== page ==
I am sure many of you are aware of what an Applicant Tracking System (ATS) is, since all job applications are required to be submitted online. Back then, job seekers had it way easier. They just had to rely on the newspaper and telephone, and they will be asked by the employer to come in for an interview. However, they have since, revolutionized the hiring process and the labor market in a blink of an eye.
An ATS is basically a robot that is programmed to pre-screen the applicant’s resume before the hiring team gets a chance to lay their eyes on them. Obviously, it is not as intelligent as humans are, since it is pre-programmed to do what it has to do.
The ATS is programmed to scan for specific keywords that the employer has entered into the system. Some resumes will only be selected to move on to the next step, based on the keywords that the employer has configured. Many employers use the ATS as a way to screen out candidates by asking knockout questions. This is a way to determine which candidates are able/willing or unable/unwilling to perform a job function. For instance, if an ATS is programmed to eliminate resumes that do not hold a Bachelor’s Degree, then those with an Associate’s Degree will definitely not be considered. Here are more examples of the types of knockout questions to look out for when applying on an online portal/job board.
The ATS has simplified the hiring process for employers, since 75% of recruiters and talent managers use some form of recruiting or applicant tracking software; according to Capterra.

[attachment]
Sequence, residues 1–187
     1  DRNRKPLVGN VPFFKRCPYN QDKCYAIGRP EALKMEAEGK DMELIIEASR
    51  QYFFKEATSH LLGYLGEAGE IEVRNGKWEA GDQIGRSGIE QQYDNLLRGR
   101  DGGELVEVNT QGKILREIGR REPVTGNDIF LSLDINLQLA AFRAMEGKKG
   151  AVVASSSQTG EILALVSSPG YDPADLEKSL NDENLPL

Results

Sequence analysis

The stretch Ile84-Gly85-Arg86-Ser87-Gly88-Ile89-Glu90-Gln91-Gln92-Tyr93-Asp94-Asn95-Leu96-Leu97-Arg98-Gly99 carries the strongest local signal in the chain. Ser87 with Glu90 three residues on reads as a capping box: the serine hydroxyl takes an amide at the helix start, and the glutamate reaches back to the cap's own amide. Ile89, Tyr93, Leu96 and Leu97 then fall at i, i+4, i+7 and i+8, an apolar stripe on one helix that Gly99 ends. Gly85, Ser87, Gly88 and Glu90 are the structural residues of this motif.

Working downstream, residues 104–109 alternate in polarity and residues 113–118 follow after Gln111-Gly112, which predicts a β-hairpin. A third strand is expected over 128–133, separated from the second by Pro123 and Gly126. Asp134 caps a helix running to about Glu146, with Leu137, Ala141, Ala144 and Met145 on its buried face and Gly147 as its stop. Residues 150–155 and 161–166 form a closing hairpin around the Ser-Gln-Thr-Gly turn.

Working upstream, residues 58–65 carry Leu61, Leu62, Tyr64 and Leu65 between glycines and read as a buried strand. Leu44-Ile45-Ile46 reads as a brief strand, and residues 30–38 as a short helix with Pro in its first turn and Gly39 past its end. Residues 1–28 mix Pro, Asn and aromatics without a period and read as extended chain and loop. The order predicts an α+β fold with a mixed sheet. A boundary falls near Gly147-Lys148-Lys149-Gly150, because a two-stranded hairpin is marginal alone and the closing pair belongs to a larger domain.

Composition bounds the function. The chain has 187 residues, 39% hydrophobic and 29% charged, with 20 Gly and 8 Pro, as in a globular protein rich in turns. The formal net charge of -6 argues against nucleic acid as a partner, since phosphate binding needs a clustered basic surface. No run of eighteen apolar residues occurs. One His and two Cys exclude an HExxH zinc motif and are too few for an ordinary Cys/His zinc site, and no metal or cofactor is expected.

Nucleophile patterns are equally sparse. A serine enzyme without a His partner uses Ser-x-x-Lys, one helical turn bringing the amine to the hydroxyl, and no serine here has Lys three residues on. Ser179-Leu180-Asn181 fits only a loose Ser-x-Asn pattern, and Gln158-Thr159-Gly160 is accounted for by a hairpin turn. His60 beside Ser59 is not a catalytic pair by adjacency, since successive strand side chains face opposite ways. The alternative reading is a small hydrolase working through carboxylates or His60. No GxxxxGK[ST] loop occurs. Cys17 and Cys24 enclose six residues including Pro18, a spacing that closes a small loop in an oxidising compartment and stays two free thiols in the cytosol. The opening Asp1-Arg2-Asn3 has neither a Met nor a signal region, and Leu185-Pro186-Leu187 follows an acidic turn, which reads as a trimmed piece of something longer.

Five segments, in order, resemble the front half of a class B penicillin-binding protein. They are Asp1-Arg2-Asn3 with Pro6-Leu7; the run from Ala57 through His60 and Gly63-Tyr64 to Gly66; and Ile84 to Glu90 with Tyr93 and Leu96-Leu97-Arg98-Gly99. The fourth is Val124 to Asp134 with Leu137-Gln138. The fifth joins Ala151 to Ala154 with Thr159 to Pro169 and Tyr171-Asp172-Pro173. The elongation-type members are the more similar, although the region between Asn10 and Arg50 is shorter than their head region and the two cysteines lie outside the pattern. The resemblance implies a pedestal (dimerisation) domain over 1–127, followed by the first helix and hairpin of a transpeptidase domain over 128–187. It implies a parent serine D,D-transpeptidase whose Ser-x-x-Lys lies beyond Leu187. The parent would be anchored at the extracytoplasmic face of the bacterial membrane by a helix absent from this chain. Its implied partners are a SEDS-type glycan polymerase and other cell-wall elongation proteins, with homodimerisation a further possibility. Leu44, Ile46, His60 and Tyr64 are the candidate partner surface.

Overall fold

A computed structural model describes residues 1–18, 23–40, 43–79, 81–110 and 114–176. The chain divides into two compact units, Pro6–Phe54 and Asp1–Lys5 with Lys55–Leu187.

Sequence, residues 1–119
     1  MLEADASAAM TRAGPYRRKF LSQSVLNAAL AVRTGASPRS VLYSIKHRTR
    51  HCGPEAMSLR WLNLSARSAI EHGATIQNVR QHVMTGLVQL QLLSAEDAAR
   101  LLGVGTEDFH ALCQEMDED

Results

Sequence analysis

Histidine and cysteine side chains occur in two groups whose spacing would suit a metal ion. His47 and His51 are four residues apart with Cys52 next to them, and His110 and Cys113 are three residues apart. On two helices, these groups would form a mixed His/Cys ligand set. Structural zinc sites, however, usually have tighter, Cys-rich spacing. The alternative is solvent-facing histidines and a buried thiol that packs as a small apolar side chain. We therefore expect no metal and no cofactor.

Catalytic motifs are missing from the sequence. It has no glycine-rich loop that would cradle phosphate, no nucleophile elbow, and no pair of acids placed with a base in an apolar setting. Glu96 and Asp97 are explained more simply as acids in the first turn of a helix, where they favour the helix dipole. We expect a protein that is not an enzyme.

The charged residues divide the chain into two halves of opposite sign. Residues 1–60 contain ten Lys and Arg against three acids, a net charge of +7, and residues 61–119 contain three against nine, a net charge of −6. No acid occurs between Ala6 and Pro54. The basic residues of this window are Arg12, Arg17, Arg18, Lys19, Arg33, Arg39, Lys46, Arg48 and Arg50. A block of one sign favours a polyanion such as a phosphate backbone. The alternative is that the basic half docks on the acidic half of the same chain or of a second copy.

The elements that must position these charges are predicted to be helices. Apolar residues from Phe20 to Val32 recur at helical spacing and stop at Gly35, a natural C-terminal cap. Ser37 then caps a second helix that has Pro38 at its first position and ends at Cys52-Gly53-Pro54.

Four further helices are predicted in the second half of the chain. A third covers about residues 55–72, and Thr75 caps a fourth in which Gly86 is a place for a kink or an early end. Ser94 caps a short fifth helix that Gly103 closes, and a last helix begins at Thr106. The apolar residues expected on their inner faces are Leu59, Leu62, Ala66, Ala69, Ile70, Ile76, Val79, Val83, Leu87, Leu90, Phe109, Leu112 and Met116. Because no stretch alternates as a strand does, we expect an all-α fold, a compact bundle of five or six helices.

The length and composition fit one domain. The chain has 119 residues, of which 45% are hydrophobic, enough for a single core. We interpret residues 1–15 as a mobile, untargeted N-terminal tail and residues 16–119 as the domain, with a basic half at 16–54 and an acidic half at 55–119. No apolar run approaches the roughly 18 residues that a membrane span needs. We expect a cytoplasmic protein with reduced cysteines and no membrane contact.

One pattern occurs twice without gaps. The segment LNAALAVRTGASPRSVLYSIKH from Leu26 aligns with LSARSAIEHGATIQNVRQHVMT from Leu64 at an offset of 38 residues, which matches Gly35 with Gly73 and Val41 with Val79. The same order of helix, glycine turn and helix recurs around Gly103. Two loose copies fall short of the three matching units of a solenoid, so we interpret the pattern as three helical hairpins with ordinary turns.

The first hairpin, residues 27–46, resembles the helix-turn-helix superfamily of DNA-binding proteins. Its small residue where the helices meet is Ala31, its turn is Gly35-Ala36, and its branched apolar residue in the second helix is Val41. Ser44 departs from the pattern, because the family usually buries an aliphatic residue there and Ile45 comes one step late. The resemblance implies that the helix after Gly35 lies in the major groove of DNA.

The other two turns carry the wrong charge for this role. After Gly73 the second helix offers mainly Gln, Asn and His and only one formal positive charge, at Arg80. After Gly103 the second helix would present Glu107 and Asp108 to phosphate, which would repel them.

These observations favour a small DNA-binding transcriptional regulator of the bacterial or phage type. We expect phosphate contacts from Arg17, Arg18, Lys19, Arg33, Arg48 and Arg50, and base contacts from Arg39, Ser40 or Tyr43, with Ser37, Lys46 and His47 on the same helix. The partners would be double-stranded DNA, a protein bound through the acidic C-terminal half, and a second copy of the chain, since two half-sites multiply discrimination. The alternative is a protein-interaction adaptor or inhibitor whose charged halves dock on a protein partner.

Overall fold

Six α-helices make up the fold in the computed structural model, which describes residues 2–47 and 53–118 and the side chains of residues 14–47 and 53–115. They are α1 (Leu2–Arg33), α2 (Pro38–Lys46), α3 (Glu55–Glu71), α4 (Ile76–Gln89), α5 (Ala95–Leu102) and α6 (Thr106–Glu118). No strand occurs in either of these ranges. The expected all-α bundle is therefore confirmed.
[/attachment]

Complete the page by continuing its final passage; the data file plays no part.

On the other hand, causing it to be opposite for job seekers – the ATS makes their job search process more challenging and stressful as they have to pay close attention to every little detail. According to Mashable, nearly 80% described their job search as time-consuming and stressful, and many reported that they would be deterred from completing an application if they encountered tech hurdles (60%), couldn’t upload their resume (55%), couldn’t follow up on the application’s status (44%) or couldn’t complete the application on a mobile device (20%).
The nitty-gritty of getting past the ATS is to analyze and study the job description and keywords carefully as you tailor your resume to what they are looking for. Many job applicants tend to just submit their resume without tweaking their resume to the positions that they are applying for. Always make sure your resume matches the job description and that it has the exact keywords listed.